One of my biggest research interests is legal education, understanding its evolution, current trends, and best practices. Most of my teaching currently is confined to the standard lecture format, but I look forward to someday trying a flipped classroom and online education.
In addition to course format, I am also deeply interested in best practices for assignment construction. I don’t currently teach much outside of our four guest lectures for the Legal Research & Writing course each year, and we do not craft the research assignments for that course; but I have assisted a colleague in drafting questions for various research assignments in Advanced Legal Research and other upper level courses.
For the most part, these assignments consist of what I would call “fetch” assignments – a series of short questions that ask the student to simply retrieve various, usually unrelated, legal documents. This kind of assignment is no stranger, having been around for generations; and its questions, though often unrelated to each other, will speak directly to the skills taught in the preceding lecture and whether or not the student has paid attention. Of course, this is not the only kind of assignment that corresponds with a research skills course. Many programs have writing-intensive research assignments, asking students to follow a fact pattern and write a brief or memo, conducting research entirely on their own. Our own Advanced Legal Research course culminates in the students’ creation of research guides on a topic of their choosing.
There are two key advantages, as I can see it, of these latter, writing-intensive assignments:
- Students are put to task to actually show that they know how to research on their own, without being prompted by a pointed question.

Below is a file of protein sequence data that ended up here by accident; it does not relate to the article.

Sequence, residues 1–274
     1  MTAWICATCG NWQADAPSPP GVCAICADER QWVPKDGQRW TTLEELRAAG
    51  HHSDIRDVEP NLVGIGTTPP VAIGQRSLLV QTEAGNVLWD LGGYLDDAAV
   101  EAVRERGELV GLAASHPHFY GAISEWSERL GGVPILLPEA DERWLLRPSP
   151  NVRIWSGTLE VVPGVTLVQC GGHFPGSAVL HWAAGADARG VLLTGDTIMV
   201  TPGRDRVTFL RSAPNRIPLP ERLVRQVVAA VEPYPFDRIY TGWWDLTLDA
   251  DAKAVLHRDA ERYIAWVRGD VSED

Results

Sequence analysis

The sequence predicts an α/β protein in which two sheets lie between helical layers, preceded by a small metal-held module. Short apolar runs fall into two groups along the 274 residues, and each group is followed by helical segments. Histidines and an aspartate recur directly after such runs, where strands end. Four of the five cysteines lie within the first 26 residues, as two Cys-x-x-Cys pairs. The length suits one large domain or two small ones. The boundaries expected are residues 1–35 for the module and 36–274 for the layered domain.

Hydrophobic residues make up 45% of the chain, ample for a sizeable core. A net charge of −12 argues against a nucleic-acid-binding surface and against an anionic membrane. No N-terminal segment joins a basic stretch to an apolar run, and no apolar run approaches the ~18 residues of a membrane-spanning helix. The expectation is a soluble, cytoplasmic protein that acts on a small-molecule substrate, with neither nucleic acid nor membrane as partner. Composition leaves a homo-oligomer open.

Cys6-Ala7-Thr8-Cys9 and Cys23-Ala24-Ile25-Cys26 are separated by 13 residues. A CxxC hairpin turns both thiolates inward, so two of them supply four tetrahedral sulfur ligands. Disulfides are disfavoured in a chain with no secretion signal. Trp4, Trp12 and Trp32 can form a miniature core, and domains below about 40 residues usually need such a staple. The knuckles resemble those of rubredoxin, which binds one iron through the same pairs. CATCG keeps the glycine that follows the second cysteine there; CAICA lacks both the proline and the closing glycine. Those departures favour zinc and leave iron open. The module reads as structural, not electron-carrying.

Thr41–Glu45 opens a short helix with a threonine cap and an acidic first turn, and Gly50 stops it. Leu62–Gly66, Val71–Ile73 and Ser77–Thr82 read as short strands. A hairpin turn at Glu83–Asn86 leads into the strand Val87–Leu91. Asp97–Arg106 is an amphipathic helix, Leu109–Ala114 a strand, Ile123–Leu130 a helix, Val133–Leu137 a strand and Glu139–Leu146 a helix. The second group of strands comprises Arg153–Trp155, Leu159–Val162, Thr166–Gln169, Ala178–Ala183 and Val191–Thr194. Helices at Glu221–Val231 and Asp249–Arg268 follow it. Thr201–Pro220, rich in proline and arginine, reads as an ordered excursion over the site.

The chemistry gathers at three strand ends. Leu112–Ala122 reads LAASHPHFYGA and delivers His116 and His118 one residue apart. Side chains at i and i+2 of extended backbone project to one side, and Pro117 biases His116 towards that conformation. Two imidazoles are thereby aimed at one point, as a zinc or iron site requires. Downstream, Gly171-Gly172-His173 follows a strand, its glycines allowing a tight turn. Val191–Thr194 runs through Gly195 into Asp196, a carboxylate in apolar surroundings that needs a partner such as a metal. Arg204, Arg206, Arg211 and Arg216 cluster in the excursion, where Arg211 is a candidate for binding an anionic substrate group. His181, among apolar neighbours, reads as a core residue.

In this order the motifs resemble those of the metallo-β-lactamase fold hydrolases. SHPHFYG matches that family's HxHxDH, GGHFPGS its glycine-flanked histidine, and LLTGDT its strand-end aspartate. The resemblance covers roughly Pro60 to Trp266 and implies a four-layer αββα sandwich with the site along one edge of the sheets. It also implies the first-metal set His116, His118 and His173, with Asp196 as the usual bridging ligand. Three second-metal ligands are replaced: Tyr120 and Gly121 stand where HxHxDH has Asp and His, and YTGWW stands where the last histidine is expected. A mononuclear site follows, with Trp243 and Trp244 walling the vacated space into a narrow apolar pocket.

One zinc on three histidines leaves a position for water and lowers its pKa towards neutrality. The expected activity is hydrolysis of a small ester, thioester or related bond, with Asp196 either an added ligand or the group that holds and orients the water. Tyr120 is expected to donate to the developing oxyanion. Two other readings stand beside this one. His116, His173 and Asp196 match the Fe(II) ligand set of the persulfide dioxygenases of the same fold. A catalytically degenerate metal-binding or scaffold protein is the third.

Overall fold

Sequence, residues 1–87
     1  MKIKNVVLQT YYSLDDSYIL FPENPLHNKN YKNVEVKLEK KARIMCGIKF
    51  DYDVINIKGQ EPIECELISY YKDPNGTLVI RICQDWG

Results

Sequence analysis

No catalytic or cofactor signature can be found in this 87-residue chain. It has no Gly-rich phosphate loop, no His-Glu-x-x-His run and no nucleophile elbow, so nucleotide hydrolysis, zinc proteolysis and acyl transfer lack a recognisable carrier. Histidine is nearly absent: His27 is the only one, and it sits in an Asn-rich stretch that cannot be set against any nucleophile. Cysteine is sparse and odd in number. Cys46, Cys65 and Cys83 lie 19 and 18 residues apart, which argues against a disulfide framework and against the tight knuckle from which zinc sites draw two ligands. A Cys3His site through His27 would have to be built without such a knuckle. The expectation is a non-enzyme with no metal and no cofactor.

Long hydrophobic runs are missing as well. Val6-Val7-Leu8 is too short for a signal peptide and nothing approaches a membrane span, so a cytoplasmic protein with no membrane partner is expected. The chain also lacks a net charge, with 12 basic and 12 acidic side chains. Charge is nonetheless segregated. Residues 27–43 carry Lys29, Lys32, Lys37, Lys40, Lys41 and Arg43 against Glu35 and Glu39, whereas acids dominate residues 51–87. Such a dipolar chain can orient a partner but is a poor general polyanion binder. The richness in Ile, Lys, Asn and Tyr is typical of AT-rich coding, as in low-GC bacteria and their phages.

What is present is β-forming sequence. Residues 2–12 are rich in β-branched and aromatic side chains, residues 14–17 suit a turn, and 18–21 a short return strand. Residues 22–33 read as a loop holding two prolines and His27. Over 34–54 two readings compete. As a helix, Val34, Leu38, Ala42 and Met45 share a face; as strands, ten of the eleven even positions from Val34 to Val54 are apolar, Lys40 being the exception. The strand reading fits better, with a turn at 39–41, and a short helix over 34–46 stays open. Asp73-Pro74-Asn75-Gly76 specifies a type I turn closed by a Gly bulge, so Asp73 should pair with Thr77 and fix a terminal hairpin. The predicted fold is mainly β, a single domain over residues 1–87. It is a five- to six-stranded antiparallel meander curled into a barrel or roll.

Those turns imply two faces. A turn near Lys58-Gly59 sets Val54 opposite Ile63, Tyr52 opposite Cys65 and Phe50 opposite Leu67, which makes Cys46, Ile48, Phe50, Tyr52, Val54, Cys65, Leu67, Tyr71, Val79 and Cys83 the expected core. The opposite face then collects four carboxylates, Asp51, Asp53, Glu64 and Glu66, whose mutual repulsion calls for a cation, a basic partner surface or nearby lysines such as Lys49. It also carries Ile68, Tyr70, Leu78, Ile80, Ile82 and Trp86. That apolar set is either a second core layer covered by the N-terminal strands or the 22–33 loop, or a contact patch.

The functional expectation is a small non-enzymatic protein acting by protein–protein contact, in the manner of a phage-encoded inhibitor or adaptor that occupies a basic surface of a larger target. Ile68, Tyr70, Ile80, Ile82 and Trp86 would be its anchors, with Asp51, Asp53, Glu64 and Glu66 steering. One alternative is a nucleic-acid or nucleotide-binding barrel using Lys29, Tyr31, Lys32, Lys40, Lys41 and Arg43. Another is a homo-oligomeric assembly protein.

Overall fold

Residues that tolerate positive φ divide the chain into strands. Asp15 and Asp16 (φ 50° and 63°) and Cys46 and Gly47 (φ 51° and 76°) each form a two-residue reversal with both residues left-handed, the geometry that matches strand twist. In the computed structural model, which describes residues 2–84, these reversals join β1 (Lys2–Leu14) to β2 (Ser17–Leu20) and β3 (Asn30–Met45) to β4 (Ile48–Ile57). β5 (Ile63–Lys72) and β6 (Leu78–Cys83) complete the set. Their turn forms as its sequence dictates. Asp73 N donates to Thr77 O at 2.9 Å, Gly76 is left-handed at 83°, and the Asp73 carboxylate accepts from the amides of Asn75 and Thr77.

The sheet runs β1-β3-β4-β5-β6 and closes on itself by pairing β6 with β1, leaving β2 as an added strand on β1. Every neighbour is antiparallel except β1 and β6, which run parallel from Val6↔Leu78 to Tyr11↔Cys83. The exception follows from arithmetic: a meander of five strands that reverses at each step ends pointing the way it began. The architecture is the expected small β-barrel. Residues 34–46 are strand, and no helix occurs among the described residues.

- These assignments are more likely to leave a lasting impression on the students than a series of random “fetch” questions. I believe students are more likely to remember these resources and how/when to use them from having completed the more reality-based assignments.
The assignments I have assisted with are fetch assignments, but I try to tie some “reality” to the fetch questions that I create. For example, my questions usually have a mini hypo at the beginning, such as “A client comes to you asking for…” or “Your boss has asked you to research….” By starting my questions this way, I hope to convey to the students that these are the kinds of research situations they are likely to confront in the real world. Often I will use the same hypo for three or four questions as well, to show how one client scenario can cause you to research several different types of primary and secondary sources. Does this help the students remember the particular resource I was asking them to use? I don’t know. I’m sure I could conduct an assessment of this, but remember, this isn’t actually my class – I’m writing these questions for another colleague!
We have noticed, and I’m sure we’re not alone, that students, at least in the first half of the semester, are quite stressed out by these assignments, having become so accustomed to the standard exam-only format of the law school curriculum. So when we craft questions for these assignments, we try to be as straightforward as possible, and we emphasize to the students that the assignments are not designed to be tricky; we just want to know that they are comprehending the lecture material. So what has astounded me is how hard it is to construct a question that is actually straightforward. Even when it seems like I am basically spoon-feeding them, the students will return frustrated, off-the-wall answers.
Therefore, my new research mission, I have decided, is to learn how to construct effective legal research assignments that won’t frustrate the students or me. (Okay, that exact goal is probably a pipe dream, but you see where I’m going!) Exploring concepts such as problem-based learning, reverse-engineering courses, and scaffolding assignments, I hope to learn how to better construct research assignments and curricula so that when more teaching responsibilities come my way, I can better ensure that students leaving my classroom have mastered the AALL Legal Research Competencies and are prepared to enter their legal careers as effective legal researchers.